The Religion of the Ancient Celts eBook

This eBook from the Gutenberg Project consists of approximately 445 pages of information about The Religion of the Ancient Celts.

[979] LL 213_b_; Trip.  Life, i. 90, 93.

[980] O’Curry, MS. Mat. 284.

[981] Keating, 49.

[982] Jocelyn, Vita S. Kentig. 27, 32, 34; Ailred, Vita S. Ninian. 6.

[983] Gildas, Sec. 4.

[984] For the whole argument see Reinach, RC xiii. 189 f.  Bertrand, Rev. Arch. xv. 345, supports a similar theory, and, according to both writers, Gallo-Roman art was the result of the weakening of Druidic power by the Romans.

[985] L’Abbe Hermet, Assoc. pour l’avancement des Sciences, Compte Rendu, 1900, ii. 747; L’Anthropologie, v. 147.

[986] Corp.  Scrip.  Eccl.  Lat. i. 122.

[987] Monnier, 362.  The image bears part of an inscription ...  LIT... and it has been thought that this read ILITHYIA originally.  The name is in keeping with the rites still in use before the image.  This would make it date from Roman times.  If so, it is a poor specimen of the art of the period.  But it may be an old native image to which later the name of the Roman goddess was given.

[988] Roden, Progress of the Reformation in Ireland, 51.  The image was still existing in 1851.

[989] For figures of most of these, see Rev. Arch. vols. xvi., xviii., xix., xxxvi.; RC xvii. 45, xviii. 254, xx. 309, xxii. 159, xxiv. 221; Bertrand, passim; Courcelle-Seneuil, Les Dieux Gaulois d’apres les Monuments Figures, Paris, 1910.

[990] See Courcelle-Seneuil, op. cit.; Reinach, BF passim, Catalogue Sommaire du Musee des Ant. nat.{4} 115-116.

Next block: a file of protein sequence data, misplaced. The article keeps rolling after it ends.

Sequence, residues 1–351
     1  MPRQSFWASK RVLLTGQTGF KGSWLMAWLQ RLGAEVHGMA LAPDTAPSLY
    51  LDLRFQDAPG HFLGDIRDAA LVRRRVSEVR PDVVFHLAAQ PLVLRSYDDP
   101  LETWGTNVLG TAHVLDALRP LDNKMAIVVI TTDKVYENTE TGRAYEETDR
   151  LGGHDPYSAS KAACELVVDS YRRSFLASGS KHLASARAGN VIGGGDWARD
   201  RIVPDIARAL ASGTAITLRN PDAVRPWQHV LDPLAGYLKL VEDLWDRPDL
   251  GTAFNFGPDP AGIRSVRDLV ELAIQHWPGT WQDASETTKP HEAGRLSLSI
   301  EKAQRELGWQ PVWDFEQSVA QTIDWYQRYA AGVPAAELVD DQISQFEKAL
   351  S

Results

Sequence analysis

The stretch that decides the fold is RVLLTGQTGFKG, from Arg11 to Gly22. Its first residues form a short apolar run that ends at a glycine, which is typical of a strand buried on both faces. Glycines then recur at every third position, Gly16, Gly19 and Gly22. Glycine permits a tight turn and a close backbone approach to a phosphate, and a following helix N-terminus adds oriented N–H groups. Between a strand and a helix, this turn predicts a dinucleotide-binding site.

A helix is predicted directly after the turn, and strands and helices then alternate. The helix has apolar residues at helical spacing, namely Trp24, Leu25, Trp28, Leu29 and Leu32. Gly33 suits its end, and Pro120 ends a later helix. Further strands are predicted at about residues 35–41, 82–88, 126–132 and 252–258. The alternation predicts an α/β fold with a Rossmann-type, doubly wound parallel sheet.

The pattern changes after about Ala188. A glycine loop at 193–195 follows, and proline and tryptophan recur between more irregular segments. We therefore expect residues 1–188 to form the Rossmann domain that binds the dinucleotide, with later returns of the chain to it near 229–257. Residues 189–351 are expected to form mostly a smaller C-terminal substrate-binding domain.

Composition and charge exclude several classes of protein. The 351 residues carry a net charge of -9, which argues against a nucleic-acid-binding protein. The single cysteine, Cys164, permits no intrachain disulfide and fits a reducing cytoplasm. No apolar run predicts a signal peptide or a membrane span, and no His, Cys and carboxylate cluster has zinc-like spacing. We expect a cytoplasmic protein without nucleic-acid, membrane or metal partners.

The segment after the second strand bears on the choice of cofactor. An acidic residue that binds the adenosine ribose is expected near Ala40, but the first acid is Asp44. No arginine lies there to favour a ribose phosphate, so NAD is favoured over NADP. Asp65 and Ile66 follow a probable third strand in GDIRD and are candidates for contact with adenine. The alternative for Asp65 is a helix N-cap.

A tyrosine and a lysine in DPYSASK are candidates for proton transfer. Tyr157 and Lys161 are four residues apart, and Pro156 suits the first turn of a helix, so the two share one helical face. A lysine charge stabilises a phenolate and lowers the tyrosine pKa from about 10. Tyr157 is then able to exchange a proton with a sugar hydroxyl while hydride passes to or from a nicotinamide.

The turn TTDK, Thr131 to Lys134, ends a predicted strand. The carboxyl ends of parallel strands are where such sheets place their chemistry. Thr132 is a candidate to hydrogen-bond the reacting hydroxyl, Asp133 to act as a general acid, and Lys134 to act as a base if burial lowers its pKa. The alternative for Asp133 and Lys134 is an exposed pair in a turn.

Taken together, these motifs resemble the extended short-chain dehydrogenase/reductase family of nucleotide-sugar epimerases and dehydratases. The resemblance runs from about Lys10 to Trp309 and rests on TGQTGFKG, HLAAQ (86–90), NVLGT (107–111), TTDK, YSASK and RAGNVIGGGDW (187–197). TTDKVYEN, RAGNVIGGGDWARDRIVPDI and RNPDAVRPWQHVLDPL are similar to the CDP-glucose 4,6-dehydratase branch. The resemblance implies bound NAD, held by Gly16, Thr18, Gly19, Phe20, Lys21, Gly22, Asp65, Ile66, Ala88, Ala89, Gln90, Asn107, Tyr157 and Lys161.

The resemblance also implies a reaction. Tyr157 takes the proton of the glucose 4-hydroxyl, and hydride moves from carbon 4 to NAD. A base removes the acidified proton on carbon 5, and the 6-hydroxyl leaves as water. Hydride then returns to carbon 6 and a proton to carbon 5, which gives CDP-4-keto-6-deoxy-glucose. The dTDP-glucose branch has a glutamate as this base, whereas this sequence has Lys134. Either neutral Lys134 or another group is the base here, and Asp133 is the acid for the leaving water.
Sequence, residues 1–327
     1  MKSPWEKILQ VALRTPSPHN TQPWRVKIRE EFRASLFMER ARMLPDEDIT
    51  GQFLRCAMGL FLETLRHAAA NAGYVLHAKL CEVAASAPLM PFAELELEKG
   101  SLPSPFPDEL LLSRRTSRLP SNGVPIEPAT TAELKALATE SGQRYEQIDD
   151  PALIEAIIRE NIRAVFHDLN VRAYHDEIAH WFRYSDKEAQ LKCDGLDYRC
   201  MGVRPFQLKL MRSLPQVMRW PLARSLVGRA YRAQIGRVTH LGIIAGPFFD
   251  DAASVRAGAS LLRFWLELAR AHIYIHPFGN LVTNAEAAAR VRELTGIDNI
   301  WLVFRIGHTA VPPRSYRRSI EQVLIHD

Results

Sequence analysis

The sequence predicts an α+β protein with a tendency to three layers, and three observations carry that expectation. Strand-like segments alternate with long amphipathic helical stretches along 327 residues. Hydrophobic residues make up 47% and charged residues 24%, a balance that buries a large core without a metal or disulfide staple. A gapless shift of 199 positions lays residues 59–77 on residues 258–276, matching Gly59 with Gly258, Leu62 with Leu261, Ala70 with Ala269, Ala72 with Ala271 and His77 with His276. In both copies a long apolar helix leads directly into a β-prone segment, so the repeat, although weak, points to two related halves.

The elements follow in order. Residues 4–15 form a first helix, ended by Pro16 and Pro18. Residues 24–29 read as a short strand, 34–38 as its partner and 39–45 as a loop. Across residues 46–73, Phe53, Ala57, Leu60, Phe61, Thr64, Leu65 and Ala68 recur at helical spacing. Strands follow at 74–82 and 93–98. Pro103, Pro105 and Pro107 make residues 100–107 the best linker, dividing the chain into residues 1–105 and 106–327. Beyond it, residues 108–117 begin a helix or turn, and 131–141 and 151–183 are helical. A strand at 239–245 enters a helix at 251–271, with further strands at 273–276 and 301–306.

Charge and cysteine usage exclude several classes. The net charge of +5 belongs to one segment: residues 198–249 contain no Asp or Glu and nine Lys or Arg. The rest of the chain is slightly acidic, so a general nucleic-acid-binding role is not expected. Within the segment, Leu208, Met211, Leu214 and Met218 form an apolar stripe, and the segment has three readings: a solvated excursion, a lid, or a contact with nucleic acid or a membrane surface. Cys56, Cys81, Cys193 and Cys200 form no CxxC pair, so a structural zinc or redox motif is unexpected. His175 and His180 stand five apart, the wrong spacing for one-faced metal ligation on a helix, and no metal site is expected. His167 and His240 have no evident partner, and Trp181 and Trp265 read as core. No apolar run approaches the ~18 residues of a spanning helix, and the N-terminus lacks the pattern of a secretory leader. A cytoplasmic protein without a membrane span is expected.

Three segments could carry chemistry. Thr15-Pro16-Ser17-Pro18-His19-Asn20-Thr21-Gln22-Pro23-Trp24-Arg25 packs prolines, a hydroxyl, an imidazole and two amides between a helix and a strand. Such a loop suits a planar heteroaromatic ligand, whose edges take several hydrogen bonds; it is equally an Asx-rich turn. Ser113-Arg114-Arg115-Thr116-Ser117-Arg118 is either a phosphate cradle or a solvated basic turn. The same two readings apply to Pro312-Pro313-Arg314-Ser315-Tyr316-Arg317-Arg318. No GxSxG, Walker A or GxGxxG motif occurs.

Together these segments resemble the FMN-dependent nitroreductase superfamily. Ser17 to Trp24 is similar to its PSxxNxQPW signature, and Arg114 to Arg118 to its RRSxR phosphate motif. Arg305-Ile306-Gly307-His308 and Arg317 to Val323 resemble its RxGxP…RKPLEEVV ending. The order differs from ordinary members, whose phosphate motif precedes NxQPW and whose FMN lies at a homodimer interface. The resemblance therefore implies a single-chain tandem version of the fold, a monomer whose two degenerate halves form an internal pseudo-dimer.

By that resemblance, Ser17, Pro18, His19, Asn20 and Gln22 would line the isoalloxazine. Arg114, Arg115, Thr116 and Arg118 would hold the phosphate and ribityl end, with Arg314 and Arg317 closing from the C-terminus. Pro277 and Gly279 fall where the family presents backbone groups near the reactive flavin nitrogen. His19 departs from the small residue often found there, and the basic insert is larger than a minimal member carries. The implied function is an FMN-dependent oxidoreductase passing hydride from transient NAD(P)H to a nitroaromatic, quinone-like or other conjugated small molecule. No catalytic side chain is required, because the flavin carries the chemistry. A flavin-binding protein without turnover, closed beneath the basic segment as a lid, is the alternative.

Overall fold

[991] Reinach, Catal. 29, 87; Rev. Arch. xvi. 17; Blanchet, i. 169, 316; Huchet, L’art gaulois, ii. 8.

[992] Blanchet, i. 158; Reinach, BF 143, 150, 152.

[993] Blanchet, i. 17; Flouest, Deux Steles (Append.), Paris, 1885; Reinach, BF 33.

[994] P. 30, supra.

[995] Hirschfeld in CIL xiii. 256.

[996] RC xii. 107; Joyce, SH i. 131.

[997] Blanchet, i. 160 f.; Muret de la Tour, Catalogue, 6922, 6941, etc.

[998] View of the State of Ireland, 57.

[999] RC xx. 7; Martin, Etudes de la Myth.  Celt. 164.

[1000] IT i. 206; RC ix. 144.

[1001] CM xiii. 168 f.; Miss Hull, 44, 221, 223.



Pliny thought that the name “Druid” was a Greek appellation derived from the Druidic cult of the oak ([Greek:  drus]).[1002] The word, however, is purely Celtic, and its meaning probably implies that, like the sorcerer and medicine-man everywhere, the Druid was regarded as “the knowing one.”  It is composed of two parts—­dru-, regarded by M. D’Arbois as an intensive, and vids, from vid, “to know,”

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